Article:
Are you doing client pitches to companies with in-house lawyers? If so, you must read: A General Counsel’s View of Law Firm Marketing Pitches: ‘Blah, Blah, Blah’. If you are a long time reader, you might recall that I have written on this subject before.

Most law firm pitches look alike. To use a Seth Godin analogy, there are no “purple cows” out there. According to the post, in pitches law firms try to be everything to everyone rather than focused on what they do well.

How do you get better at doing a client pitch? The answer is obvious: you practice and get feedback. It is better to be anxious while making a practice client pitch, so you will be less anxious when you are making a real pitch to a client.

In my coaching program, I am a big proponent of “learning by doing.” Yesterday, a group I coach did a client pitch to a fictitious client I created. This is typically one of the most valuable group coaching sessions, and was the case yesterday.

We created four teams and sent each team the fictions client’s web homepage, a summary of recent events and a letter from the company general counsel outlining what she wanted in the pitch. I also sent each team some articles on client pitches I thought would be valuable.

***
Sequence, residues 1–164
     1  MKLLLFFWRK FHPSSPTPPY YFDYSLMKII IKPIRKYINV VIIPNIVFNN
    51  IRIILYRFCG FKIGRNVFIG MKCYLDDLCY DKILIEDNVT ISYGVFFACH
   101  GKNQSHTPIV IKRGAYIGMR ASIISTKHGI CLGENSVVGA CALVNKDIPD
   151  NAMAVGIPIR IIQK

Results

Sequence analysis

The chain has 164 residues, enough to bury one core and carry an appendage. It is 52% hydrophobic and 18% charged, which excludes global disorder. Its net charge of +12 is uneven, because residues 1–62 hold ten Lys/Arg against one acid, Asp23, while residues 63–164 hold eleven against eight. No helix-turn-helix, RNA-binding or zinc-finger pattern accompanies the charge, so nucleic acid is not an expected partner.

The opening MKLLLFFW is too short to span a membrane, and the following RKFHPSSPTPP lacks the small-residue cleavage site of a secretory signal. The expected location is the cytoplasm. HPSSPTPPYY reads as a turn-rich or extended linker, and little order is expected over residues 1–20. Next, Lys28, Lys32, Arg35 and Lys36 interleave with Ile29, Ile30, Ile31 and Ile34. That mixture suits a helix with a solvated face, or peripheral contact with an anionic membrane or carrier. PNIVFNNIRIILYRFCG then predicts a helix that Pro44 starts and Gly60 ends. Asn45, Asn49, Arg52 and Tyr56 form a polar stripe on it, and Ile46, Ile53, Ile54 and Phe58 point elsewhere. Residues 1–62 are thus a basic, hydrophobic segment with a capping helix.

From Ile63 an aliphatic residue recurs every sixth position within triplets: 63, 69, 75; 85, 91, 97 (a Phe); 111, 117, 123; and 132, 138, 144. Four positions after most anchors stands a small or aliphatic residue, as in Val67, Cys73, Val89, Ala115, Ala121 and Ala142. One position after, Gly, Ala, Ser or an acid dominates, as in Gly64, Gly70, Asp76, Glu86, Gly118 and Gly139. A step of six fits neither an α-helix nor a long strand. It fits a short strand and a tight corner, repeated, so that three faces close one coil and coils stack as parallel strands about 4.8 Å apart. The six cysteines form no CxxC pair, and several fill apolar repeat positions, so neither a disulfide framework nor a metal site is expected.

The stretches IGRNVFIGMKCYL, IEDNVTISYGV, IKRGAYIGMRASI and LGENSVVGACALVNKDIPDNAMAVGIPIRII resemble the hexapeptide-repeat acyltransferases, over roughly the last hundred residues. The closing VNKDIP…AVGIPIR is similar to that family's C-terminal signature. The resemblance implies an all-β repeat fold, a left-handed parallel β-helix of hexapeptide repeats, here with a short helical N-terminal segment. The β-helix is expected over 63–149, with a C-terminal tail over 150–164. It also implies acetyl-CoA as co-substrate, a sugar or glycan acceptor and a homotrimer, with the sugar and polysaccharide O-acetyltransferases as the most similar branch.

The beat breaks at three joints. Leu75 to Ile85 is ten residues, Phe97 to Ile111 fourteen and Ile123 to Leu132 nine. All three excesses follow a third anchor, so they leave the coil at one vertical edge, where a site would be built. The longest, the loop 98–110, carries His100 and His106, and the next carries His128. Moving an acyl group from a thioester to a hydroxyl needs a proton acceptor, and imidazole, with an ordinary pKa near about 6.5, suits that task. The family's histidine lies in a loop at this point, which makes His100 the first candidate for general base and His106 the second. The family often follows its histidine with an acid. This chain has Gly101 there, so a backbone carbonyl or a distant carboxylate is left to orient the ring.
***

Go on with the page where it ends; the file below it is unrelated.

Prior to our meeting, each team had to do some research on the firm’s capabilities in certain practice areas, the firm’s views on alternative billing arrangements and the firm’s diversity program.

We gave each team 20 minutes to make a pitch to a business owner played by me, and the company general counsel, played very well by a firm partner. During each presentation, the general counsel asked each pitch team challenging questions.

After all four teams had made their presentations, we discussed and critiqued each team’s opening, main portion and closing. We focused both on what they said and their style. We encouraged each team to ask more questions and engage the client more when they give an actual client pitch.

In my experience, both giving pitches and watching lawyers do it, I have come up with a list of 25 points for you to consider when you are preparing for the pitch. Here is Client Pitch Presentations: Be Sure to Answer. I believe if you answer the relevant questions in this list, your presentation will not be “blah, blah, blah.”

On Monday, I will share with you ideas on creating a mock one-on-one meeting with a new potential client. Once again, the idea is to practice that kind of meeting and get feedback.